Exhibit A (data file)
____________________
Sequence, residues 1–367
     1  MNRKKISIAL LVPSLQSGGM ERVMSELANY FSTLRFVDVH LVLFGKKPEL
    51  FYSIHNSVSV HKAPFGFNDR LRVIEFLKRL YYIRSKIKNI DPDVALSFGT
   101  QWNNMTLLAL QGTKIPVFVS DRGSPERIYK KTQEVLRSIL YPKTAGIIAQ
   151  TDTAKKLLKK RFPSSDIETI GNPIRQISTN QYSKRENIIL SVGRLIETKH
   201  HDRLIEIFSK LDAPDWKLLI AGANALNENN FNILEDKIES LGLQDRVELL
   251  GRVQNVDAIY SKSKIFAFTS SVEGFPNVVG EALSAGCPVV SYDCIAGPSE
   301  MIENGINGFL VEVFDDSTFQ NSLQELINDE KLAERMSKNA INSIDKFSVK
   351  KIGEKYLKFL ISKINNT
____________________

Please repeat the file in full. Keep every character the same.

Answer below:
Sequence, residues 1–367
     1  MNRKKISIAL LVPSLQSGGM ERVMSELANY FSTLRFVDVH LVLFGKKPEL
    51  FYSIHNSVSV HKAPFGFNDR LRVIEFLKRL YYIRSKIKNI DPDVALSFGT
   101  QWNNMTLLAL QGTKIPVFVS DRGSPERIYK KTQEVLRSIL YPKTAGIIAQ
   151  TDTAKKLLKK RFPSSDIETI GNPIRQISTN QYSKRENIIL SVGRLIETKH
   201  HDRLIEIFSK LDAPDWKLLI AGANALNENN FNILEDKIES LGLQDRVELL
   251  GRVQNVDAIY SKSKIFAFTS SVEGFPNVVG EALSAGCPVV SYDCIAGPSE
   301  MIENGINGFL VEVFDDSTFQ NSLQELINDE KLAERMSKNA INSIDKFSVK
   351  KIGEKYLKFL ISKINNT